High idle goes away when revving

So basically to start off I have a 2004 Ford mustang gt (manual) with a high idle. And I’m not sure if the symptoms I have are all from one thing or multiple. But at idle my car vibrates a lot. If I rev the car at idle when I reach around 2k rpm the steering wheel vibrates a lot really fast up and down but goes away when I pass that point and hen the rpm’s fall back down to 2k it shakes again and goes away when it passes that. The car now has a issue where when drive at low rpm’s the car sputters and just basically goes back and forth with no acceleration power and goes away if driving in higher rpm this is a new problem though. Now also the car could be driving fine and when I reach a stop the car goes from regular idle like 600-700 to any rpm between 1k-2.5k, most commonly either 1.5 k or 2-2.5k and gets stuck there. The weird thing is when I rev the car every single time (might take multiple revs) but the high idle goes away and goes back to normal. I could also shut the car off and when I turn it on it’s back to normal. Sometimes when I’m driving from 1st to 2nd I could go to shift at 2k rpm and the rpm’s will just go to 2.5k with the clutch in causing me to shift horribly. I’ve had the car in 1st gear at 4 mph and with no pedal pressed down the car accelerates slowly as I see the rpms raise and as you can imagine make it a little hard to stop the car when this happens. The only things i can think of that I haven’t done are ignition coils, fuel injectors/pump/filter. Any ideas will help thanks!

It sounds like the idle air control valve is hunting for the proper idle speed.

The vibration off idle sounds like a different problem.


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I haven’t replaced that, but I did get a new gasket for it even got a restrictor plate that definitely helped with hanging idle and I did clean it once already. When testing for it when the high idle was there I unplugged the iac valve and idle went to 300. When I unplugged it with normal idle the car died which I’m assuming means the iac is okay?

Start the engine when it’s warmed up.

As the engine is idling, take the handle of a screwdriver and rap on the IAC valve.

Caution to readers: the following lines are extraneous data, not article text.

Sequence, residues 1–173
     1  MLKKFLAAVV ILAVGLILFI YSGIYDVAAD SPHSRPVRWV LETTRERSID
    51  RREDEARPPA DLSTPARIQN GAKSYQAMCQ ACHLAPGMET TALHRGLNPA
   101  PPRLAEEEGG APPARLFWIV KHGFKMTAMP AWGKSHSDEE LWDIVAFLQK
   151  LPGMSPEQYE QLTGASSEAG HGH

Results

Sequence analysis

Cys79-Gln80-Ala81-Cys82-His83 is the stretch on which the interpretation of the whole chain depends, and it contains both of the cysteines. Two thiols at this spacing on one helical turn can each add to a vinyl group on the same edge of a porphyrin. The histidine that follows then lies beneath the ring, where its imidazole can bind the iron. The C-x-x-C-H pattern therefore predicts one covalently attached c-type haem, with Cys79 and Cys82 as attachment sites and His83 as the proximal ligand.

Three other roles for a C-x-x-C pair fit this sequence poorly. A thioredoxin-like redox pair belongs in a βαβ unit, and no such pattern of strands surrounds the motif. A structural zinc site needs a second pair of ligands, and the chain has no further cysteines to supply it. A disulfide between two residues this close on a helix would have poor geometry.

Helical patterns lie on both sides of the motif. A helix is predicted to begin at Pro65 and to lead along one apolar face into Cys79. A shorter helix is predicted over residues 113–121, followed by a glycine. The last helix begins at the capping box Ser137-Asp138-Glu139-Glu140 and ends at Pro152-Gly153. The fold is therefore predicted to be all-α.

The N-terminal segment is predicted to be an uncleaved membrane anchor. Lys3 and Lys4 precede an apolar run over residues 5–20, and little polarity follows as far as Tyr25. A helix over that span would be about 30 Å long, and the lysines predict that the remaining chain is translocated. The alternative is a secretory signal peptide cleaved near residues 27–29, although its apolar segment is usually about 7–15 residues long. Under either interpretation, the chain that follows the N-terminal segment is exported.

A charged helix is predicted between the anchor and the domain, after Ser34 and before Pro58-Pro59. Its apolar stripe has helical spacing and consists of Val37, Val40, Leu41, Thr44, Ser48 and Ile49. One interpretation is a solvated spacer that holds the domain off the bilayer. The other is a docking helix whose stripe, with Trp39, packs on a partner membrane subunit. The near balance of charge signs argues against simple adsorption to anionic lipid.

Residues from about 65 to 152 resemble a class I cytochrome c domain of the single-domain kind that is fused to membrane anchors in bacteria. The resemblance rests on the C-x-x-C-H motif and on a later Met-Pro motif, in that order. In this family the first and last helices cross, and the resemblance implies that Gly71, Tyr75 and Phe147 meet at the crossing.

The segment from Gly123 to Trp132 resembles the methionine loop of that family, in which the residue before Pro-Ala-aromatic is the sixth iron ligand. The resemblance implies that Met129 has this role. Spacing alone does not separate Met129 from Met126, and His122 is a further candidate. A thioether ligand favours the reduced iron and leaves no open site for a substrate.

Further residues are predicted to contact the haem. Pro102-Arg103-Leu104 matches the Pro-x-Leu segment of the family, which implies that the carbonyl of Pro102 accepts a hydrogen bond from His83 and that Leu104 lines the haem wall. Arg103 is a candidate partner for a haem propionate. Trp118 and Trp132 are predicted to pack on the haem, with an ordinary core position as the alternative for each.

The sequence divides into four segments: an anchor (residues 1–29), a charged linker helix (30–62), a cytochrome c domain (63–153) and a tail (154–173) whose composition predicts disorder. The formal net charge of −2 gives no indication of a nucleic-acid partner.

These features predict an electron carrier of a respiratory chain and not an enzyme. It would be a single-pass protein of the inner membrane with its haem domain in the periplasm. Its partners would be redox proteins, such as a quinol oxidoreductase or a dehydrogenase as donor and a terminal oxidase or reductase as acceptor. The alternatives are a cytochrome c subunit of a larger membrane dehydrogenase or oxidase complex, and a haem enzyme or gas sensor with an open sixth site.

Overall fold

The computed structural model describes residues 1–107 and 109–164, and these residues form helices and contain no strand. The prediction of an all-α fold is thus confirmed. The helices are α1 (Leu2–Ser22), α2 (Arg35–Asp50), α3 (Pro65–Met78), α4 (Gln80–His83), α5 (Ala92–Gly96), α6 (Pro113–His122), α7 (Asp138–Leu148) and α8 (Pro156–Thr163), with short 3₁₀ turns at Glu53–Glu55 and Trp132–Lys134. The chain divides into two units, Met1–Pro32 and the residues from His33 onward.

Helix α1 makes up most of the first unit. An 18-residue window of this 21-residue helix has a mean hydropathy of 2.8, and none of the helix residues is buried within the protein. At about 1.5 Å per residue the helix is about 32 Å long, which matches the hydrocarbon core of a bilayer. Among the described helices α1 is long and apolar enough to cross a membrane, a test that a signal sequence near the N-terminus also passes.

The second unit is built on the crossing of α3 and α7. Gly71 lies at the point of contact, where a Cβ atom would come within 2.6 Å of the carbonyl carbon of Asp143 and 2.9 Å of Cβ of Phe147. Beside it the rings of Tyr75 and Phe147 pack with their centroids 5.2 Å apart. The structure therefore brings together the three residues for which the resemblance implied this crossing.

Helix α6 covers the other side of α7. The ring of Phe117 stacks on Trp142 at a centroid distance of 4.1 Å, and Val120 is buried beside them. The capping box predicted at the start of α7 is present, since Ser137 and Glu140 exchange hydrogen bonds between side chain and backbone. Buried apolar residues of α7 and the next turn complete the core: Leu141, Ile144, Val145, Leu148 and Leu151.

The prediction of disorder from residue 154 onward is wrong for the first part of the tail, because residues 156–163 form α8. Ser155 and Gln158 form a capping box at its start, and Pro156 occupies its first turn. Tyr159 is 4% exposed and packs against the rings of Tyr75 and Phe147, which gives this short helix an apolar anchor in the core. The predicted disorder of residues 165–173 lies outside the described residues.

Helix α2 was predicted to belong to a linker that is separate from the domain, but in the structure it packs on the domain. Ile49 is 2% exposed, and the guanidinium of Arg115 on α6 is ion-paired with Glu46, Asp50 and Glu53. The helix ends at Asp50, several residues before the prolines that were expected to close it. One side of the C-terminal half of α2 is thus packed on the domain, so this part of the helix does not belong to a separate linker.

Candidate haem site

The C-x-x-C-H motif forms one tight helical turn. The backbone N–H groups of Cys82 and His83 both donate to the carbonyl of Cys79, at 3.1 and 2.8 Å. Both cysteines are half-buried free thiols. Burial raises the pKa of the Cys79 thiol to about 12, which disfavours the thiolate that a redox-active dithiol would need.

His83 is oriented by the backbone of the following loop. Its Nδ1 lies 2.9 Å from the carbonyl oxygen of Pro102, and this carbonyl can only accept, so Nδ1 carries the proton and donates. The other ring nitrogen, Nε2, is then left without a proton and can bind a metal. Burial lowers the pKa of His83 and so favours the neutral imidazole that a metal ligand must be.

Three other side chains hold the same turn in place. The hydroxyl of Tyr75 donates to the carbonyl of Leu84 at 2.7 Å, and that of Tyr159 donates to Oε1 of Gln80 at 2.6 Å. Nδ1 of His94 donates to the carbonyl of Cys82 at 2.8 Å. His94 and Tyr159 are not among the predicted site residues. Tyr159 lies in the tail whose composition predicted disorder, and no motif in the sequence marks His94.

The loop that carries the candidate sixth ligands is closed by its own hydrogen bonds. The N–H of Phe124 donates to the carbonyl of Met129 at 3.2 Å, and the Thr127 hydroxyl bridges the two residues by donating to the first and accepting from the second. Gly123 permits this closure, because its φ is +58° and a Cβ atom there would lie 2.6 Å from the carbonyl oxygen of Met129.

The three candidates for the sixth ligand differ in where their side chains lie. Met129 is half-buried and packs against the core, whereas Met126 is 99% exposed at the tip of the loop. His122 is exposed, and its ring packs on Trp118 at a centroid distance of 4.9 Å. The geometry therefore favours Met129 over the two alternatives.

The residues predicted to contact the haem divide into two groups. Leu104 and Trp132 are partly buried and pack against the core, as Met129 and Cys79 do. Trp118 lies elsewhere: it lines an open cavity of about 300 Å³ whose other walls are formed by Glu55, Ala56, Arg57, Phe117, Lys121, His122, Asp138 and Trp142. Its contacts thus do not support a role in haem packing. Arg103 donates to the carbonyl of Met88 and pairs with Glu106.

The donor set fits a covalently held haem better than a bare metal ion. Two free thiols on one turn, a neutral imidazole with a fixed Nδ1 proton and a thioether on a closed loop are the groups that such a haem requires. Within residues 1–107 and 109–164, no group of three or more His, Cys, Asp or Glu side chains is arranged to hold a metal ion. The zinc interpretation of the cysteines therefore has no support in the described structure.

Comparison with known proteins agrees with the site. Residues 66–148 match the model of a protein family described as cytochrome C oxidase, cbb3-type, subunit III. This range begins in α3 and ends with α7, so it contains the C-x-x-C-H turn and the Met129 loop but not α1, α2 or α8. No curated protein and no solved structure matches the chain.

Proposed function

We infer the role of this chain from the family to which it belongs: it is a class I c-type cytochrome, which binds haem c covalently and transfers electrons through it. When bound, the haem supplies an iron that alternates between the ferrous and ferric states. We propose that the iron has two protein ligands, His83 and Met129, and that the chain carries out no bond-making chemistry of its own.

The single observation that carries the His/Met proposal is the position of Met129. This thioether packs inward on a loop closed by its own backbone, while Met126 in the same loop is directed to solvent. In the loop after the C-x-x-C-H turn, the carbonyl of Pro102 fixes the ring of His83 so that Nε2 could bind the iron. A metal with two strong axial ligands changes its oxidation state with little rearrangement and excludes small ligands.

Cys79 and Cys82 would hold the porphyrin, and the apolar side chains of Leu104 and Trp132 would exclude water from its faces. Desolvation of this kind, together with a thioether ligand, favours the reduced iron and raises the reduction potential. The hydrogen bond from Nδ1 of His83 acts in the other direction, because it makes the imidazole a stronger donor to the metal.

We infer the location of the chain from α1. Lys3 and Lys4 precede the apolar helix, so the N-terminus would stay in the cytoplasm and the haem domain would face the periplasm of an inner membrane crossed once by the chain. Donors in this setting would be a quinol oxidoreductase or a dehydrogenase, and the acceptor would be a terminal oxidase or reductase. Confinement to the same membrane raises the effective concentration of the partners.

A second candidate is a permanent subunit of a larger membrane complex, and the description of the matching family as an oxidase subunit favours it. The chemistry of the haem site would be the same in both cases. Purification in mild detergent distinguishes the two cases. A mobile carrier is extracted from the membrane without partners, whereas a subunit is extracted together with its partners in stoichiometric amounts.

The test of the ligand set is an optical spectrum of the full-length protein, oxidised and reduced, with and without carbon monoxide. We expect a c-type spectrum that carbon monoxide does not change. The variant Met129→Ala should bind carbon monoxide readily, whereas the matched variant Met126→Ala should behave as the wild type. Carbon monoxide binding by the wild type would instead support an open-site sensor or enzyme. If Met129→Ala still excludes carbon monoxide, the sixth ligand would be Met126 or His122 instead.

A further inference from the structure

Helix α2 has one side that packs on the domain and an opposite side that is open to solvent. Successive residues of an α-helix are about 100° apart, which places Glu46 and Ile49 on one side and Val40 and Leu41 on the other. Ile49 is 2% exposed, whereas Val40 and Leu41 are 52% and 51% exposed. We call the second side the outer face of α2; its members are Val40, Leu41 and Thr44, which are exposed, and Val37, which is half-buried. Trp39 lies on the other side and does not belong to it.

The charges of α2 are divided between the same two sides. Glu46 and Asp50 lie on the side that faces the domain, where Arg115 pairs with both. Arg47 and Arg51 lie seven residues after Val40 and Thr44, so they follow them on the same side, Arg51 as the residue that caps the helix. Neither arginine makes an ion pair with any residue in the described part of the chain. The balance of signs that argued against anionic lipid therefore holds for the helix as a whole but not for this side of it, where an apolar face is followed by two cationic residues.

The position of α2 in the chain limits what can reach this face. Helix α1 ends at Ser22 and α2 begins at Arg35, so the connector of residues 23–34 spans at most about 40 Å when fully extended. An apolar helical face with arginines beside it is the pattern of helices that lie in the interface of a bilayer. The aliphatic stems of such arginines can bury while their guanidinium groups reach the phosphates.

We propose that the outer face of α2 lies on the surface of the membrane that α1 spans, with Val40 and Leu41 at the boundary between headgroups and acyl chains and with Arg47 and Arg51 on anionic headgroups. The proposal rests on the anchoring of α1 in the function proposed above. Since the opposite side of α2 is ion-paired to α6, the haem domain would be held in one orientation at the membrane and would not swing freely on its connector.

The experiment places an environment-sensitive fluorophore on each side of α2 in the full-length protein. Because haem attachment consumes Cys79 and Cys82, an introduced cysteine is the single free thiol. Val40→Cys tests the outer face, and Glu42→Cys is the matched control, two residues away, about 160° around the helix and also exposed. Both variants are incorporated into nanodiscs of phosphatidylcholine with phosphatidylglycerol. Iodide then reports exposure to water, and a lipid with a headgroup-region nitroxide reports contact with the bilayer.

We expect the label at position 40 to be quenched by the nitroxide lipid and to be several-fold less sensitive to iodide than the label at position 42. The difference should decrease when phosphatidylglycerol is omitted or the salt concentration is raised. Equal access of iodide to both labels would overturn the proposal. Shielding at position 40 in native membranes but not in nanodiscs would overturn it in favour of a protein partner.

If the engine idle speed changes, or the engine stalls, replace the IAC valve.


No luck with that, idle stayed the same.

I concur w/Tester above. The symptoms are consistent with having more than one malfunction. One of the problems seems like a misfire. Is the check engine light on? If it is, and there are misfire codes, suggest to ignore the high idle rpm, solve the misfire problem first.

Not particularly related to your car’s design, but I recently had a misfire problem on my Ford truck. Symptoms seemed consistent with ignition system problem, so I replaced a bunch of that stuff. No improvement. The only thing left was a fuel system problem, so I worked on that next. Totally solved. The moral of this story: Sometimes you have to make an educated guess, try that. If it doesn’t work, repeat the process until something does work.

Yeah I wish a code would pop up but so far no codes. No lights at all on either.

I’d hook up an OBD scanner and watch the fuel trims and battery voltage.

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I do remember occasionally I’d get a low voltage code. But both battery and alternator are less than a year old.

If no codes I would be looking hard at the Harmonic balancer and possible broken spring(s) in the clutch disc or something in the pressure plate… But a very bad vibration at 2k in neutral is not a good thing… (most likely)

Now does it vibrate (@2K) with the clutch pedal pressed to the floor and shifter in neutral??
or clutch pedal pressed (@2K) to the floor and in gear??
or clutch pedal not pressed (@2K) in neutral??

And it seems like you have multiple issues… Have you checked for pending codes??
Also check motor mounts for excessive movement or broken…